Korea: Sorry Samsung agrees to cancer payouts

Korean campaigners who highlighted cancer cases in workers on Samsung’s microelectronics production lines have given a cautious welcome to a “deep apology” from the company’s chief executive. Samsung chief executive Kwon Oh-hyun said the company will compensate chip factory workers who developed cancer while working for the firm. In addition to the apology, which came seven years after Supporters for the Health and Rights of People in the Semiconductor industry (SHARPS) linked a leukaemia death to toxic exposures at a Samsung factory in South Korea, the firm said it would end its legal bid to avoid paying out. But the Samsung Electronics chief stopped short of admitting a direct link between working at the firm and developing leukaemia, despite the state compensation agency already having recognised several cases. Mr Kwon said: “Several workers at our production facilities suffered from leukaemia and other incurable diseases, which also led to some deaths. We should have settled the issue earlier, and we are deeply heartbroken that we failed to do so and express our deep apology.” At a press conference, he said Samsung hoped to “resolve the issue with sincerity and earnestness.” In a statement, he added: “We will make due compensation to the victims and the families.” Mr Kwon said that Samsung had failed to pay “careful attention to the pain and difficulty” of the victims and their families. An independent adjudicator would be set up to decide how to deal with each case with fairness and objectivity, with consent from the victims and the families, and Samsung would follow the compensation guidelines determined by it, Kwon said. In a statement, SHARPS said it welcomed the apology, but said it had not agreed to the arbitration proposal. It said the company should now restart notions with SHARPS, which have stalled for five months, recognise SHARPS in subsequent negotiations “and comply in good faith with our demands.”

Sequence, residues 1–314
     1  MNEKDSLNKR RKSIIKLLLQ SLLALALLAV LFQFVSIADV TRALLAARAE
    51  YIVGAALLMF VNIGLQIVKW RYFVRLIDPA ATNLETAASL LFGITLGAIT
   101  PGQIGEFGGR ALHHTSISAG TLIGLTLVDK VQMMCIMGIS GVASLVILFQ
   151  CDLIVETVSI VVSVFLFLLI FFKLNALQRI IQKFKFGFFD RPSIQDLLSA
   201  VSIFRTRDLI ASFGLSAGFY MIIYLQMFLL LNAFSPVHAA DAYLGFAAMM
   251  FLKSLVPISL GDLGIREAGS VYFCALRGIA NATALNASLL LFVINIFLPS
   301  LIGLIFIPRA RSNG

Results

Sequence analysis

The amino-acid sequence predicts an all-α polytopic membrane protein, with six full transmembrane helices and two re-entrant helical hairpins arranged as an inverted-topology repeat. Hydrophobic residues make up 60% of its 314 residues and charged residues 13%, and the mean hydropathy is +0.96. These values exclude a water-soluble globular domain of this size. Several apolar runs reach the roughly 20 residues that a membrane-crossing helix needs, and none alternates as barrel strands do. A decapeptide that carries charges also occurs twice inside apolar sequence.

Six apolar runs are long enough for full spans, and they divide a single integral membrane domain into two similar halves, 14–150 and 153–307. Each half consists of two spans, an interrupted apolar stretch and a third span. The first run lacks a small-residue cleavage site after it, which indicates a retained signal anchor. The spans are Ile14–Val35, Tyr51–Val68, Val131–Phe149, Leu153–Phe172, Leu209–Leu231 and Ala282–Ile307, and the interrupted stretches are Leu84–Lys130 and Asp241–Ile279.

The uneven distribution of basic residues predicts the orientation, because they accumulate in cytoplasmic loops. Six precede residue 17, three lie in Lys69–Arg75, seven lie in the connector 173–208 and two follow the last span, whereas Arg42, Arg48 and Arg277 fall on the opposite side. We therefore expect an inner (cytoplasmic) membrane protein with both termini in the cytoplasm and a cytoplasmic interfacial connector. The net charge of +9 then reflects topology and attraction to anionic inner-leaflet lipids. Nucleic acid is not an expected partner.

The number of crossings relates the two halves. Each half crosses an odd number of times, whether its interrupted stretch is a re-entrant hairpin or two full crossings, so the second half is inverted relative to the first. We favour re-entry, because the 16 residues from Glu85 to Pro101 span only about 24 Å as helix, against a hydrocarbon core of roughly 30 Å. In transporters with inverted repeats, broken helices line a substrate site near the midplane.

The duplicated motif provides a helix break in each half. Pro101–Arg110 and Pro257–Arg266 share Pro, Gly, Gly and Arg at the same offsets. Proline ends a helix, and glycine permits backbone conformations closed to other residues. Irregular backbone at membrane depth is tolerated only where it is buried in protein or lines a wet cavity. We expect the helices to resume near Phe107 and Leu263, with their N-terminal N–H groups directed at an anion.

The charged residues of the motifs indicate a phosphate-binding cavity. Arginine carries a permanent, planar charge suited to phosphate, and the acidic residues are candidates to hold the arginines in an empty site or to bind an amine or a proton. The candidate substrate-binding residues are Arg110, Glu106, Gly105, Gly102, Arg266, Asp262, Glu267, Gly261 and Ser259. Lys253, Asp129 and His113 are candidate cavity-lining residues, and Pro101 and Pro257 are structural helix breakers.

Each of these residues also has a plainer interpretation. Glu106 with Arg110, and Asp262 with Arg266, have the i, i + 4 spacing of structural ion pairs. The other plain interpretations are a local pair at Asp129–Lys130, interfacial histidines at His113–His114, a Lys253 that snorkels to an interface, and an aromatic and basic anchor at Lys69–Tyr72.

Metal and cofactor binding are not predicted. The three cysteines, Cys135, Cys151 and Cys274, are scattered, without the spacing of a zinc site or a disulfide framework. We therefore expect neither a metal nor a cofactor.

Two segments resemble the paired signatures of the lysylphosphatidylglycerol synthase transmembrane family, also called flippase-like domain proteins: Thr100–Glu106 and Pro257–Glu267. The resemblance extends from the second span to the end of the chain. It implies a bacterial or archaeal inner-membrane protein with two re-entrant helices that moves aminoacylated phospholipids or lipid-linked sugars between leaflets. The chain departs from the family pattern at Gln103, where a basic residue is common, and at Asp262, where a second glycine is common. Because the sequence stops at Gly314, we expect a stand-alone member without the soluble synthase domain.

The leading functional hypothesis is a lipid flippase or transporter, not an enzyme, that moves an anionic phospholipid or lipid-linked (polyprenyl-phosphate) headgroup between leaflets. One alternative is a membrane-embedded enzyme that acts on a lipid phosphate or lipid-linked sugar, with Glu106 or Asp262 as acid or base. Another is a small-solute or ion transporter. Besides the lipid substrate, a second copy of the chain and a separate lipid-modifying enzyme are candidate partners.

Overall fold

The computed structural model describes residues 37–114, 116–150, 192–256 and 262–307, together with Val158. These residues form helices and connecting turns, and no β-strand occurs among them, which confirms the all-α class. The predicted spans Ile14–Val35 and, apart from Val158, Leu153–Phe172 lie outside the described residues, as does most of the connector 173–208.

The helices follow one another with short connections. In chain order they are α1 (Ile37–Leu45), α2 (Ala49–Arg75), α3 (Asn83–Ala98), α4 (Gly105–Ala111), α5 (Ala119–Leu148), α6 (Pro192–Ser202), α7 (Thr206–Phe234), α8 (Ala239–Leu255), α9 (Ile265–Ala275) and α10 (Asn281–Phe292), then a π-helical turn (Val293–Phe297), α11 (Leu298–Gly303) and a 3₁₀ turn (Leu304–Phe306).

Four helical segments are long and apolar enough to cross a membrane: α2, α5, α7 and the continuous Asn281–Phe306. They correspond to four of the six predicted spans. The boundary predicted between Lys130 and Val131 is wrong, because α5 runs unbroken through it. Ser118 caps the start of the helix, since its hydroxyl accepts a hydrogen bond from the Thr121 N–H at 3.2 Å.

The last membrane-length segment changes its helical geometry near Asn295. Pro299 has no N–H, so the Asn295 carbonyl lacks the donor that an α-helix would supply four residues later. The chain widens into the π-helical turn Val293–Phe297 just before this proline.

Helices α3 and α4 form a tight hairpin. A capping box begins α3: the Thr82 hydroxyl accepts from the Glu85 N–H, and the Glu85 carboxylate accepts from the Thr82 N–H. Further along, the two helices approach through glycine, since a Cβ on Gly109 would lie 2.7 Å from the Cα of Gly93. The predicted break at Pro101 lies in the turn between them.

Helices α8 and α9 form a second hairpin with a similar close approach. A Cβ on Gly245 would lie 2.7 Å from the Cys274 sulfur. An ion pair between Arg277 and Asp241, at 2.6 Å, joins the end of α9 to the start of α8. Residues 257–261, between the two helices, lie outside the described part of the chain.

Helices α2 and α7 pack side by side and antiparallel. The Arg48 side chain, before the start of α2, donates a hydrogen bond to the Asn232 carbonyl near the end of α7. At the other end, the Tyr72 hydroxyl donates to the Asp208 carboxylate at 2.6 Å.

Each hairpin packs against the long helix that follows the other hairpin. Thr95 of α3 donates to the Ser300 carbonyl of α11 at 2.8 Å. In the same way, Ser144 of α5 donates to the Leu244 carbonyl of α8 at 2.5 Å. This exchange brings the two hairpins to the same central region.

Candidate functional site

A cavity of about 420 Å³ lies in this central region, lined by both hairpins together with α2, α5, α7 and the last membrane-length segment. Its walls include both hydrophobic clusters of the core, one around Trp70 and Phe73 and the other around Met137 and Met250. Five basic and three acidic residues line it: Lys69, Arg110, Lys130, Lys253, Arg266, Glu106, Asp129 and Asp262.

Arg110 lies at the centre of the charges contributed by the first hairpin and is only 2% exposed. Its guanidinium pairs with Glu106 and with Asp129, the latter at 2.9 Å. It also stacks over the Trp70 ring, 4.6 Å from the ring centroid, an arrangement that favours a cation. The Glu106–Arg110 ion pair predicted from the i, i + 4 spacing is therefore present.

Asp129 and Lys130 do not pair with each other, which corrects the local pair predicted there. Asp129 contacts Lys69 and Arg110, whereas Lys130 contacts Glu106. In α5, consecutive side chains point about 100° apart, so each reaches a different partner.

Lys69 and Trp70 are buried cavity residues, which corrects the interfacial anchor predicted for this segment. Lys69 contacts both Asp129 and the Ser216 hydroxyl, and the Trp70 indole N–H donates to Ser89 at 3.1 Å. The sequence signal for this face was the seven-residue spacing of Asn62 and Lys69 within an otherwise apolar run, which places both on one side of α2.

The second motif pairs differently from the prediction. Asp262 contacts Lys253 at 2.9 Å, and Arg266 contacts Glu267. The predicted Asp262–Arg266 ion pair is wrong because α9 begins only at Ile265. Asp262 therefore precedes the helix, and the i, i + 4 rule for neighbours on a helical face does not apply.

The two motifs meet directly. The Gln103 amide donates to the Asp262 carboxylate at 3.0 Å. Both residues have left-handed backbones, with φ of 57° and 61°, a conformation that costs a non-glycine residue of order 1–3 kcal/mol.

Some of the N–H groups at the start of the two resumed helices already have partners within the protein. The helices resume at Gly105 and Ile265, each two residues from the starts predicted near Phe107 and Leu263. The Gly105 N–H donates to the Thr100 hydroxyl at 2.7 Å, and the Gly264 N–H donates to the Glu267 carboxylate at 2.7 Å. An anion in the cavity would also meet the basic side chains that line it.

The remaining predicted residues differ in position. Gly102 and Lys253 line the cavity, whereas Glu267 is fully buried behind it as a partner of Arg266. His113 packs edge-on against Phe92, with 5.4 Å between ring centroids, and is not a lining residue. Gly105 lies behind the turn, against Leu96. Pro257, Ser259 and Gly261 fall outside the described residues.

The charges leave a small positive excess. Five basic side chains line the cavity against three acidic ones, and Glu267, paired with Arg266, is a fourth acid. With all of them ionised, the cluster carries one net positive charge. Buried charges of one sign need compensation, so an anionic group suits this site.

SHARPS news release and statements from the campaign and Samsung  • Korea Times   • BBC News Online  • The Guardian  • PC World

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